Clara Haskil / Herbert von Karajan

Beethoven: Piano Concerto No. 4; Piano Sonatas Nos. 18 & 32

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Some pianists from the middle years of the twentieth century could drop tons of notes and still remain faithful to the spirit of the music. Think of Edwin Fischer, who turned in a masterful account of Brahms' Second Concerto, though in some passages he missed as many notes as he hit. Or think of Alfred Cortot, who turned in a passionate reading of Chopin's Ballades though in the codas he missed more notes than he hit.

Clara Haskil was not one of those pianists. True, she had a terrible technique with slips, slides, and smudges galore, plus buckets of missed notes, wrong notes, and random notes, but except in a few lucky composers, Haskil was false to the spirit of the music she performed. Mozart was one of those lucky composers and Schumann was another, but Beethoven, unfortunately, was not. In this Urania disc coupling three performances from three different concerts given in the '50s, Haskil scrabbles and staggers through Beethoven as if she had never heard his music before.

Haskil was certainly familiar with the Fourth Piano Concerto -- there are both earlier and later recordings of her performing the work -- but in this 1952 recording with Herbert von Karajan leading the Wiener Symphoniker, she seems at a loss as to what to do with it. Not only is she not up to its technical demands, she is not up to its interpretive requirements. Haskil's cadenzas are studded with wrong notes and slammed chords, but her opening Allegro moderato lacks legato, her central Andante con moto lacks cogency, and her closing Rondo lacks all traces of joy. Nor does it help that Haskil's unscheduled tempo changes disrupt the flow of the music and makes it nearly impossible for Karajan and the Wiener Symphoniker to keep up with her.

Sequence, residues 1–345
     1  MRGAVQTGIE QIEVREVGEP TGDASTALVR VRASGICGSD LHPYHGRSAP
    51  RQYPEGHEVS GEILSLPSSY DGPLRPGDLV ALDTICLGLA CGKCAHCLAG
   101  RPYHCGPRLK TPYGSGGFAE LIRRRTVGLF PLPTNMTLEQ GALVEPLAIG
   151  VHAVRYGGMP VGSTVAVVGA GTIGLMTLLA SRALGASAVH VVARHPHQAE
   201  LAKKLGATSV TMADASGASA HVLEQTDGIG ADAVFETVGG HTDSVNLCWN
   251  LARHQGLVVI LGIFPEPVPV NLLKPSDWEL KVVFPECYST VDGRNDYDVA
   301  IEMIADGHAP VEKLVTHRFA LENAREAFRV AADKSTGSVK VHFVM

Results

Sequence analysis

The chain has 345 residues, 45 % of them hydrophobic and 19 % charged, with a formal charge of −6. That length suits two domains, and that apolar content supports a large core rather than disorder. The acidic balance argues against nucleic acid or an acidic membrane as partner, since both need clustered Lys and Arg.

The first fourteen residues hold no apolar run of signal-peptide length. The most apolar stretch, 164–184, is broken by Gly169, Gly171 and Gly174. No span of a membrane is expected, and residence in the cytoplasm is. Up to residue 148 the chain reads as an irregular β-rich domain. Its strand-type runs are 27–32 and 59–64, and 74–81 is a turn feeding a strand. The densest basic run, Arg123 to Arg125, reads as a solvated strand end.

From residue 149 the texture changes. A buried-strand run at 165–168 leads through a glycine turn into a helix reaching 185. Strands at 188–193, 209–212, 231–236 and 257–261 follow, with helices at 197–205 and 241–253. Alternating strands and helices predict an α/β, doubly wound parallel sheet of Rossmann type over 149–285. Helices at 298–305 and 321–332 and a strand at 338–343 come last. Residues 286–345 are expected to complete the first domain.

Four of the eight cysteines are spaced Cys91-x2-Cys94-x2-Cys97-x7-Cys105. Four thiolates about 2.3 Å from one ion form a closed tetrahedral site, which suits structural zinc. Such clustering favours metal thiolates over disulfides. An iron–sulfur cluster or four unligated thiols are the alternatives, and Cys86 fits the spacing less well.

The two remaining performances on the disc are equally poor. Haskil's Sonata in E flat major, Op. 31/No. 3, recorded live in Munich in 1952 is saturated with fumbles: trills that don't come off, phrases that don't cohere, lines that droop, and textures with the clarity of mud. It's as bad as her Sonata in C minor, Op. 111, recorded live at the 1953 Ludwigsburg Festival. Right from the Maestoso opening, Haskil is dropping notes and slamming chords, and she only gets worse when the music shifts gears into Allegro con brio. And though she does not actually lose her way, there are moments -- the start of the development and the start of the coda in particular -- where Haskil pauses long enough to make one wonder. Urania's sound is dark and cavernous.

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